- The Pacific Maritime Association last week offered the International Longshore and Warehouse Union (ILWU) a three year contract extension, more than two years ahead of the July 1, 2019 expiration of its current terms, the Los Angeles Times reported.
- The extension offers increases in pay, greater contributions to ILWU pensions, and no changes to workers’ health insurance policy. JOC.com reports the new contract does not touch upon controversial issues, such as jurisdiction, which could delay negotiations.
- Rank and file must still vote to approve the contract, as is the ILWU’s custom. The union and ports association have been in informal talks to extend the contract for over a year now.
Ports and longshoremen have long had a complex relationship, but recently frayed relations have entered the spotlight as a cause of national economic risk. A few years back, failed contract negotiations led to a 10-day port shutdown, costing the U.S. $1.9 billion per day of disruption.
Since that incident, shippers have urged ports and longshoremen to sign a contract extension early, to avoid another crisis. Although the current contract does not expire until 2019, the PMA and ILWU returned to the table in November 2016, to seemingly mixed results. However mixed, though, progress appears to have been made as a non-controversial contract was offered six months later.
Of course, shippers should not count their chickens before they hatch as union rank and file must still approve the contract. While most often union membership falls in behind their leadership, recent events show grassroots members can independently spark a crisis.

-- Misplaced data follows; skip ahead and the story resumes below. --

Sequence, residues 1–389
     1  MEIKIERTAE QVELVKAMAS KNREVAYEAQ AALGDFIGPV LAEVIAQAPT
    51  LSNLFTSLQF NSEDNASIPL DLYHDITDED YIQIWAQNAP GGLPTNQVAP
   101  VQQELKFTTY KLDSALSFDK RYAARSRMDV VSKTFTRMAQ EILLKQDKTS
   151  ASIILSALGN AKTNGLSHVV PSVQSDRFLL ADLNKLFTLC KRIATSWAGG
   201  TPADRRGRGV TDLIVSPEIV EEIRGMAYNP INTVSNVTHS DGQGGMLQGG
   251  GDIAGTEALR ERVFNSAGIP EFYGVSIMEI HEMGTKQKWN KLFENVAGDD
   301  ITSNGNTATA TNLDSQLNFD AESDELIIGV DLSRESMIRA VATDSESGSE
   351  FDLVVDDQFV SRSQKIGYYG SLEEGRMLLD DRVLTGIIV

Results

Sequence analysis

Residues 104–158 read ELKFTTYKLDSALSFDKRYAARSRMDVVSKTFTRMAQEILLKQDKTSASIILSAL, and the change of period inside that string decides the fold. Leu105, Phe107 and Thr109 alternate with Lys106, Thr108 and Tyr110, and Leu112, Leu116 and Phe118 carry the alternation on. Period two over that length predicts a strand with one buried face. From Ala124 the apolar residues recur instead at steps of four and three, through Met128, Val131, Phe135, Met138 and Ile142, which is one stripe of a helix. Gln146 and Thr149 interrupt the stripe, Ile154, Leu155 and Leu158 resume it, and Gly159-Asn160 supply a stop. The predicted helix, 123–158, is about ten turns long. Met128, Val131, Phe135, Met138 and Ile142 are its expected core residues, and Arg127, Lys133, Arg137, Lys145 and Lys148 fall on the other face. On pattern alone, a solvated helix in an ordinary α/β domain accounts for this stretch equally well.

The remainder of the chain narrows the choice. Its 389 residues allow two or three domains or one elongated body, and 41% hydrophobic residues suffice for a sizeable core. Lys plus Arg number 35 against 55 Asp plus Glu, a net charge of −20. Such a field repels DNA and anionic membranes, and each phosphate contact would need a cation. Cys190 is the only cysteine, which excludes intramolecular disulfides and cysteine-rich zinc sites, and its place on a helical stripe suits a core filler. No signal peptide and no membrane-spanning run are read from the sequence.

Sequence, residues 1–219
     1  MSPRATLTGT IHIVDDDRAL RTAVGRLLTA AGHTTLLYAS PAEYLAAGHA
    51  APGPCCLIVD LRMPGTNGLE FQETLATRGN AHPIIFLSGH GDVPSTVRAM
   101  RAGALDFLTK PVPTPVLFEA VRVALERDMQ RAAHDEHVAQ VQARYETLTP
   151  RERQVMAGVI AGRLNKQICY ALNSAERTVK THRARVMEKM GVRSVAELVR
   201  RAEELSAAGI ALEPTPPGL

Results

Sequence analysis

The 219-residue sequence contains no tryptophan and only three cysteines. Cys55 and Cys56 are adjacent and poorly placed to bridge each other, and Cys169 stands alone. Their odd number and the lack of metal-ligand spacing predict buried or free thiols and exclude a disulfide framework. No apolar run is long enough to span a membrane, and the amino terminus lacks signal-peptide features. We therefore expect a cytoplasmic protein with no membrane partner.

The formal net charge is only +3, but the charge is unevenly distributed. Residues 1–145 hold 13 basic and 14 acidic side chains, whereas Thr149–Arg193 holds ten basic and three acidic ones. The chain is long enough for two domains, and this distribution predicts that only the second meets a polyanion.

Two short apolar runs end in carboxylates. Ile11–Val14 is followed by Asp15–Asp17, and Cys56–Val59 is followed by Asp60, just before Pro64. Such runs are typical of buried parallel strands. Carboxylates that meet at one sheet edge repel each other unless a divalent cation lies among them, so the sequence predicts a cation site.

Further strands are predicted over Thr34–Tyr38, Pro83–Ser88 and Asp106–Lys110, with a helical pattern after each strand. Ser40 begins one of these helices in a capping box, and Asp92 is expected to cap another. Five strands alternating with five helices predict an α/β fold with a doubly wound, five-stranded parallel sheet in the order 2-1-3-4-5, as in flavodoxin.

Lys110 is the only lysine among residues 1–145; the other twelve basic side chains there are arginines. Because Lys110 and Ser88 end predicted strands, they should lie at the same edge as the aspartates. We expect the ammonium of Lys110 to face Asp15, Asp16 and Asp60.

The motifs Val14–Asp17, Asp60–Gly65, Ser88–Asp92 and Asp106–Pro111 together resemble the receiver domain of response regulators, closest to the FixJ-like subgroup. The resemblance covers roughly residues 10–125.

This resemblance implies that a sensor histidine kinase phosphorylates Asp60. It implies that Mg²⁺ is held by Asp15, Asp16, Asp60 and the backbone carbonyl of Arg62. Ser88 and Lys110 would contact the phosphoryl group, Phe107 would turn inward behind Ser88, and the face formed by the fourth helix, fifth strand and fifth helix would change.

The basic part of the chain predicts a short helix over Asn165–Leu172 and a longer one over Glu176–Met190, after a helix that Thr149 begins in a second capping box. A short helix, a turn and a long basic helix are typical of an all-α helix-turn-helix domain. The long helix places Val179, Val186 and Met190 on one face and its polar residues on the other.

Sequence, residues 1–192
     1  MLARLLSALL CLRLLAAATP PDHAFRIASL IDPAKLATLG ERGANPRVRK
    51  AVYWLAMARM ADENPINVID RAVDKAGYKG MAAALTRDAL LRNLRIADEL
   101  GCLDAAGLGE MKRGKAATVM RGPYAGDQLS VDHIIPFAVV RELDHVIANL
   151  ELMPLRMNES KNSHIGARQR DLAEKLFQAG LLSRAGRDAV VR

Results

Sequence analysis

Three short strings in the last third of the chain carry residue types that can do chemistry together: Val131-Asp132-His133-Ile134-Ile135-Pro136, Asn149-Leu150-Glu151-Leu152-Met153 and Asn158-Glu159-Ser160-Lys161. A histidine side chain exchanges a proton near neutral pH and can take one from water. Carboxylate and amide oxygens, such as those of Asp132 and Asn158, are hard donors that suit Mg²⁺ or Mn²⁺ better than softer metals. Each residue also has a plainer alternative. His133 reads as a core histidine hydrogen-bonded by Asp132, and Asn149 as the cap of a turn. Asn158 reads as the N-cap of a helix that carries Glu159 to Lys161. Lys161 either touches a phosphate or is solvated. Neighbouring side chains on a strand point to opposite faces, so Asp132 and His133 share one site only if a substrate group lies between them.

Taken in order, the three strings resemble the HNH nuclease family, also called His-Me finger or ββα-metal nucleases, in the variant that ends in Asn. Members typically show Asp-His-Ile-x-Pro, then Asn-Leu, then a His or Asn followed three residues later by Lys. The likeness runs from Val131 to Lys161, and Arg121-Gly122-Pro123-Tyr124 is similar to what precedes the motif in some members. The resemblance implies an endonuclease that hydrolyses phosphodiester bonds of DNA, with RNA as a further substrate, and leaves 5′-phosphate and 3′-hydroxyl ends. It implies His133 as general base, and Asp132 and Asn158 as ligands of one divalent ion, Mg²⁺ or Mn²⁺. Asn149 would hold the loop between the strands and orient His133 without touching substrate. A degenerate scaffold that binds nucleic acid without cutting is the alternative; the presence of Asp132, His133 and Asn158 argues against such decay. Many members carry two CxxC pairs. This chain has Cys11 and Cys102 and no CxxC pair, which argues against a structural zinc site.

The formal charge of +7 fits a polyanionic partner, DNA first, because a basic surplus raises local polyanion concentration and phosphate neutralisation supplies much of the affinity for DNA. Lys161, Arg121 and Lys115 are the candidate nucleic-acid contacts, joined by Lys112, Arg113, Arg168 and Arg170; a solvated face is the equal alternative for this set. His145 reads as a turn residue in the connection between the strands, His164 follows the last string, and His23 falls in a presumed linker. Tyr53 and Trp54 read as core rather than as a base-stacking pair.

In February, an East Coast dockworker (represented by the International Longshoremen’s Association) called for a general strike and march on Washington to bring labor concerns before Congress. For over a week, it remained unclear whether the strike was sanctioned by the union, so shippers became wary and wrote to Congress to avoid such action altogether. Ultimately, union leadership intervened to halt the strike, but the underlying issues over automation and regulation were not resolved and will likely come to the fore in the East Coast workers’ association’s talks with the United States Maritime Alliance.
It seems likely West Coast longshoremen will accept an extension, but if not, at least stakeholders’ intention to reach an agreement far before the current contract expires is clear and encouraging.